A RECOVERY fund is now needed as part of "radical action" to help combat the inequalities and even discrimination that has been exposed and "exacerbated" in people's access to higher education.

Scotland's fair access tsar says universities should consider adjusting minimum entry requirements further as he described a "triple whammy" of hits to deprived communities.

Pete Scott, the commissioner for fair access says an increase in the number of funded places for Scottish students, which was made to accommodate higher-than-expected Higher and Advanced Higher grades this year, should be made permanent, to avoid the risk of opportunities for disadvantage applicants "being squeezed".

And he said the Scottish Government, the Scottish Funding Council and institutions, should consider a Covid-19 recovery fund, focused in particular "on addressing ‘digital poverty’, financial hardship and poor mental health among students".

Scotland’s first minister Nicola Sturgeon set the higher education sector a target of having 20 per cent of entrants coming from the 20 per cent most deprived communities in Scotland by 2030.

And Mr Scott said an interim target for 18-per-cent of entrants to come from the most deprived communities by 2026 should be reaffirmed, "regardless of any loss of momentum (or ground) that may have been experienced as an unintended consequences of measures taken to combat Covid-19.

He said the "headline" from his interim findings was that Covid-19 had "exposed, and exacerbated, existing inequalities of access to higher education".

"In short, to paraphrase the Matthew principle, "to those that have least, the most is being taken away", he said.

"There is no longer room for scepticism about fair access, and the priority it should enjoy in the future development of higher education in Scotland."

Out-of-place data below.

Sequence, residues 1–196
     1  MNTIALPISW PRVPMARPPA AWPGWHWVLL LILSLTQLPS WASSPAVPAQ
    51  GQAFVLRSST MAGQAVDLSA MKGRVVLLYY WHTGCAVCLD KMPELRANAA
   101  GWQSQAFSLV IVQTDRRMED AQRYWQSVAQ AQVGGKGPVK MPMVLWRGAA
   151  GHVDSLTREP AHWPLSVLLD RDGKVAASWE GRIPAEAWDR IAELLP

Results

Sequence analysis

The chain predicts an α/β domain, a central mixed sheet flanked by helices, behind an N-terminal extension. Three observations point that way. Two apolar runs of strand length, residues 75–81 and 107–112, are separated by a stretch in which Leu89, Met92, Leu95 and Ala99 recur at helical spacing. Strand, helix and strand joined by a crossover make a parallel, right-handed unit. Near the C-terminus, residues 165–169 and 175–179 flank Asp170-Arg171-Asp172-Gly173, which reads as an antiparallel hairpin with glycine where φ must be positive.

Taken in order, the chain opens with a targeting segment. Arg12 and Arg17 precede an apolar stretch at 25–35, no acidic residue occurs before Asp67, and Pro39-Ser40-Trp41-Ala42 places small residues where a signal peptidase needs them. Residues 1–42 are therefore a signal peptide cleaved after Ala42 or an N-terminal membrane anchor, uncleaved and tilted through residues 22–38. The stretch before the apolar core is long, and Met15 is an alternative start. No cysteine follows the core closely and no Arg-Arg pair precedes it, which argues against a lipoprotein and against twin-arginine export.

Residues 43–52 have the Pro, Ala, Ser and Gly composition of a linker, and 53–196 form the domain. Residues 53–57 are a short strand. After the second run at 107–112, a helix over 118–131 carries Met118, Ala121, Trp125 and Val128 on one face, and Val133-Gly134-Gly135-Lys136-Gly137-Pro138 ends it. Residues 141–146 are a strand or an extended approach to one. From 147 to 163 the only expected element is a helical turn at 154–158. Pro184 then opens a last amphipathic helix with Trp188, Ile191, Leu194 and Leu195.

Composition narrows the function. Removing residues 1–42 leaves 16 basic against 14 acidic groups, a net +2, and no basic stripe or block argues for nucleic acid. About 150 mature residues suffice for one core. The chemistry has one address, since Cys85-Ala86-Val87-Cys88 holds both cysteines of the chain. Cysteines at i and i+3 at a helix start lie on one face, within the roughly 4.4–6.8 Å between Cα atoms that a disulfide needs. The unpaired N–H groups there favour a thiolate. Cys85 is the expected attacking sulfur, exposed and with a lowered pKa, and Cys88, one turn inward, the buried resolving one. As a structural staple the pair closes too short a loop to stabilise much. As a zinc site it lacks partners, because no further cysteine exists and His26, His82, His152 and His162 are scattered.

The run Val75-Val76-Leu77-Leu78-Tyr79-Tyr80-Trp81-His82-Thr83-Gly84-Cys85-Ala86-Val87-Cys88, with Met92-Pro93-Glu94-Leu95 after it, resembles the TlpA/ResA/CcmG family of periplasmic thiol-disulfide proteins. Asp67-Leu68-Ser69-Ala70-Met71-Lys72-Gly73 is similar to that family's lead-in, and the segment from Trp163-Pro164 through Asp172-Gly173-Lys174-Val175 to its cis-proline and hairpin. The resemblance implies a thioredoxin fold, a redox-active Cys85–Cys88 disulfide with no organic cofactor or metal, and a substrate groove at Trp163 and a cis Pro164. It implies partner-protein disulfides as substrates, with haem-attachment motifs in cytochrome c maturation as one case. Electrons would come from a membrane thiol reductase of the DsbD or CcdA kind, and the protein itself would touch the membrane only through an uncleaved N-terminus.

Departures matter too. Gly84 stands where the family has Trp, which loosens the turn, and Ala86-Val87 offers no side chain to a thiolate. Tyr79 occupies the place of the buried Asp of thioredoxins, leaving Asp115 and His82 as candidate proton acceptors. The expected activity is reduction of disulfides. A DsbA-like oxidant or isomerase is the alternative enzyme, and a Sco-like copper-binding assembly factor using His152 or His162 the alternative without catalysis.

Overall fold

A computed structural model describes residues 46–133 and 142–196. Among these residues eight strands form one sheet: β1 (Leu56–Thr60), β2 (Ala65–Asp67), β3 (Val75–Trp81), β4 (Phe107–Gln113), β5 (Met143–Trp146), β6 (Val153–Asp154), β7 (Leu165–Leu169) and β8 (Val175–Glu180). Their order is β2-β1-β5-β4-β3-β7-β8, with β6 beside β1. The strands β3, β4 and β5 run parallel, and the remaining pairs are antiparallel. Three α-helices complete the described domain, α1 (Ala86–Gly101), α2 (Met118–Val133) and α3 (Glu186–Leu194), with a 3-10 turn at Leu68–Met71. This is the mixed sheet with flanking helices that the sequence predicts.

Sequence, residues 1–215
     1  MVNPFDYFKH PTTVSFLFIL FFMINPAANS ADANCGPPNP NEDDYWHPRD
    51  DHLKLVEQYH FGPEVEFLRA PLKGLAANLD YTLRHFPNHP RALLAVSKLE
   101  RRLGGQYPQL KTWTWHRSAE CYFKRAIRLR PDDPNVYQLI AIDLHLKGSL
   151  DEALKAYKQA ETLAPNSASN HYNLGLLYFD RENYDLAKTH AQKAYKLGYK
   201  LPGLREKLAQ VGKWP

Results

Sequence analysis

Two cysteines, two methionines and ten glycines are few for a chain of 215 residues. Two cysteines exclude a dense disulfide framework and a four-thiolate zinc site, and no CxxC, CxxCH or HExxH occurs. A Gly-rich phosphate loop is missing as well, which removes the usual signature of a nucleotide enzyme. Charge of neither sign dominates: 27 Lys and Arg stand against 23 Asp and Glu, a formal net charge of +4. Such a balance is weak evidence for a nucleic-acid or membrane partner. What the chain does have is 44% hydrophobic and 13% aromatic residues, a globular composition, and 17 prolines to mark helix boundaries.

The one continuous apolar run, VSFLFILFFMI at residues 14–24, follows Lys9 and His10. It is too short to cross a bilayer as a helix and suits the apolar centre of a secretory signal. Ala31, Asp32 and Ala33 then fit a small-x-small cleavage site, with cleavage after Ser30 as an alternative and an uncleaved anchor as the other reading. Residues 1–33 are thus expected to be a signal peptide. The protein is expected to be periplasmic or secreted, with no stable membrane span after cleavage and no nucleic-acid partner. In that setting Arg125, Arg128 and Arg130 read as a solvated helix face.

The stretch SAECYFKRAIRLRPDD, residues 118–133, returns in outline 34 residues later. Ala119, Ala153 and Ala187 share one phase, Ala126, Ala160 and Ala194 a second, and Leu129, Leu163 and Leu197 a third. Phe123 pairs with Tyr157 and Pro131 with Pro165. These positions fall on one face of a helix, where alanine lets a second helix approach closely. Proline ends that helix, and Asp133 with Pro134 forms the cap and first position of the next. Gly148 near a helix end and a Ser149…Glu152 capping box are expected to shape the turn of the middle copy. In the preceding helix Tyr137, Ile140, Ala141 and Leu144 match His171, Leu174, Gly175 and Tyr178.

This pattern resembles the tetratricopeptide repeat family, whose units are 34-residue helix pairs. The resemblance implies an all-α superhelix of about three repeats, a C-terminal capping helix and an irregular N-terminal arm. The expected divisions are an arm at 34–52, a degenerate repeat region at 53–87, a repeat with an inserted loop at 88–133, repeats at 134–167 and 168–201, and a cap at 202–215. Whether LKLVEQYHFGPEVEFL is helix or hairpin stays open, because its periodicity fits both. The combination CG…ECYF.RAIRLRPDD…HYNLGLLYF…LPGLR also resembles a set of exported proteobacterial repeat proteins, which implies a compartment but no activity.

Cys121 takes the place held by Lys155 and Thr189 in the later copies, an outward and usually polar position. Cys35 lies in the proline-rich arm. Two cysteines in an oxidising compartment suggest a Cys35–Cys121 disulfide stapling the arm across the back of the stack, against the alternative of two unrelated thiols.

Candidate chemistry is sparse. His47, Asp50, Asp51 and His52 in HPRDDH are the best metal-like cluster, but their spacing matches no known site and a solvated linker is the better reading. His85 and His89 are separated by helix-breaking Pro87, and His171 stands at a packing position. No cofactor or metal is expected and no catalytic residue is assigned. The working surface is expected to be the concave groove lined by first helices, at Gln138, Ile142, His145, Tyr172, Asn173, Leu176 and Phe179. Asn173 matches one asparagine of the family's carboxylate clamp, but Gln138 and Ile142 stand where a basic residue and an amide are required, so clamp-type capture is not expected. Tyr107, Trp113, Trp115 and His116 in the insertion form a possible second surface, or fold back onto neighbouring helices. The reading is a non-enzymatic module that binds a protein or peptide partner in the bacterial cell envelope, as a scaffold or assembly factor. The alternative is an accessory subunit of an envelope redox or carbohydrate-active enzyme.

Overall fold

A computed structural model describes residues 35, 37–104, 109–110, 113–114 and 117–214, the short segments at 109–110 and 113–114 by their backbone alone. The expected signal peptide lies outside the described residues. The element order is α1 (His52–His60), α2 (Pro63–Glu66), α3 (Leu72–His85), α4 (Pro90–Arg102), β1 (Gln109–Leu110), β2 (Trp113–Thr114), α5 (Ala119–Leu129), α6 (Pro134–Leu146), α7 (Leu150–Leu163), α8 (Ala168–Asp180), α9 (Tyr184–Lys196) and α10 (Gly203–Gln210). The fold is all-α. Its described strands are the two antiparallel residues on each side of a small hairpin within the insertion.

In a "triple whammy" of hits to deprived communities, he warned there have been a higher number of infections and deaths with public health interventions more restrictive while schools have suffered more disruption and the impact on jobs and incomes has been greater.

HeraldScotland:

And the new analysis says that despite the best efforts of schools and local authorities there is "a real risk the attainment gap between pupils in the most advantaged and most deprived schools will widen as a result of interruptions which have been greatest in areas of the greatest social disadvantage".

Mr Scott, professor of higher education studies at UCL's Institute of Education,  warned that in the context of fair access to higher education it will "clearly take several years for the effects of disruption to schooling to work through, and for the shock to ambitions and aspirations among young people in more deprived communities to wear off".

Pupils and potential and actual students, from more socially deprived homes have suffered the "major issue of digital poverty" and found it "more difficult" to engage with the shift to more online delivery during the Covid-19 crisis.

Their access to IT, reliable wi‑fi and secure study space has been "limited compared to that enjoyed by their more socially advantaged peers".